Thirty-One {31 Days of Wisdom}

Unfortunately, the Proverbs 31 Woman has become some kind of caricature of femininity in this post-modern culture we live in. When her address is mentioned, eyes either roll with irritation or sink low with condemnation and feelings of not being good enough. Yet God sees fit to include her likeness in the pages of Wisdom and the twenty-one verses about her were written actually as a blessing rather than a “To-Be” list for all women who would come after her.

As one friend pointed out, if you read carefully you won’t misunderstand and believe this is a daily docket of her life. She does not do all these things in one day and most likely not in one season either. Verse 28 says, “her children rise up and call her blessed,” indicating when her children grow up, they realize how blessed she is to have been able to care for her family, her employees, her community, the poor, and of course her man. Perhaps her life ebbed and flowed according to each season of the year and each season of her life because she knew who gave her each day and breathed life into them.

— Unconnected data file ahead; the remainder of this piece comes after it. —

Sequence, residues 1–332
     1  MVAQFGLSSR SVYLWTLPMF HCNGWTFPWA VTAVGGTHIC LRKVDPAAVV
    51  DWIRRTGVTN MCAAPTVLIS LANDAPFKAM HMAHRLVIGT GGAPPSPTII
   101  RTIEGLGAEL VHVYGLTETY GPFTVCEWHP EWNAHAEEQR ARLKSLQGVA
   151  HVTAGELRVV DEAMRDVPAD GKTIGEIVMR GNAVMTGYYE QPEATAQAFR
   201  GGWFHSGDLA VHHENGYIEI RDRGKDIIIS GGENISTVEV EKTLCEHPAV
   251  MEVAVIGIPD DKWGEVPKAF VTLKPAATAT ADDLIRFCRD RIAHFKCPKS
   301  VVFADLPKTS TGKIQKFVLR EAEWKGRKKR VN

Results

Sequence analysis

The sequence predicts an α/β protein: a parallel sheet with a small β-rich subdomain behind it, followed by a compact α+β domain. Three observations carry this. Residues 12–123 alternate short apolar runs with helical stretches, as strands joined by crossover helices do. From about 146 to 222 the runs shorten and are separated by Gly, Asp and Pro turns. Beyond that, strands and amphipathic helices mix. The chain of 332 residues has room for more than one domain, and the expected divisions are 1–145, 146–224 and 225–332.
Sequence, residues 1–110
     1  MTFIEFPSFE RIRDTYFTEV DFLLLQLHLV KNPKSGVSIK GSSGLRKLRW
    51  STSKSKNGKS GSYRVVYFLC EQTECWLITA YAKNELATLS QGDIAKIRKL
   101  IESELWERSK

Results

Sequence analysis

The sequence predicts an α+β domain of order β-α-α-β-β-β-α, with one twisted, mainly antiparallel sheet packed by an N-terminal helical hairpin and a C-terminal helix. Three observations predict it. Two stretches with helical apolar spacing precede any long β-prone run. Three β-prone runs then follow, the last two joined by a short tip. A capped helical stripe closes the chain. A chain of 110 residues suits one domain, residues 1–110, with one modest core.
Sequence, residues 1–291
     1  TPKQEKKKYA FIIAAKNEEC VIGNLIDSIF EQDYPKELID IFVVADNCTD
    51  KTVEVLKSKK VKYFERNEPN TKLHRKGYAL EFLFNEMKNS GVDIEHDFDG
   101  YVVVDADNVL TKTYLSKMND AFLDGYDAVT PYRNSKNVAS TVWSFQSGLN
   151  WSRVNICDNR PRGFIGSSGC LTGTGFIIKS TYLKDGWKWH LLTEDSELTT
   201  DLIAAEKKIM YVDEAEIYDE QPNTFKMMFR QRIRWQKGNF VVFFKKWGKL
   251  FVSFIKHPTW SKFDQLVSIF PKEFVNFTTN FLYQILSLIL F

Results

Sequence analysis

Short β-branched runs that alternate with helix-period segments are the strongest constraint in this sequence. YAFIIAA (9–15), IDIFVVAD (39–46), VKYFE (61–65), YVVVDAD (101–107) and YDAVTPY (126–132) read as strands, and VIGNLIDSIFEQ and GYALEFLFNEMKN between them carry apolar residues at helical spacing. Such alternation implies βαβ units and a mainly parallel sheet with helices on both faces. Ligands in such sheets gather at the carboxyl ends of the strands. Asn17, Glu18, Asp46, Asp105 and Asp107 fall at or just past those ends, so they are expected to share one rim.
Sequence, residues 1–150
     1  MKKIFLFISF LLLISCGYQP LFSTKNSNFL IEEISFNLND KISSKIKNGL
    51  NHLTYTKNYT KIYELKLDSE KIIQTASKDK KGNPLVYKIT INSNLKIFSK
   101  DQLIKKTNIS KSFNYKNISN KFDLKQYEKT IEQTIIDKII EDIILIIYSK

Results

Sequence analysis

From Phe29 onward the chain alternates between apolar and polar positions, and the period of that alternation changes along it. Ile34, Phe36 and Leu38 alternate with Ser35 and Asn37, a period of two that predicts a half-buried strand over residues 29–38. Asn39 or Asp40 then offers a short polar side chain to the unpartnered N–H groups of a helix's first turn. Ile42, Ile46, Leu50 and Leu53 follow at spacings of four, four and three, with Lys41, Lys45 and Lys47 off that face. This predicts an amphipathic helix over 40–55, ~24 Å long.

I started this project of 31 Days of Wisdom because there are some things in my life right now that require an extra measure of wisdom, the kind I know I don’t have and the kind I know can only come from God. I need it to guide me and help me before a word is on my tongue and before I take any actions. I also wanted to treat it as a writing project… to read the words and then respond immediately in my heart. These posts were both excercise in writing and of the soul. In the last month, I’ve learned a bit about writing and blogging, but I’ve also learned more about me and my God:

1. I need to watch what I say. Words are powerful…what they say and when they are said. In almost every chapter there is something about what our conversation can do for a person and a situation. I want to be a life-giving person in word and deed and in a split second a word or two coming out of my mouth can take life and with that… much more time to repair.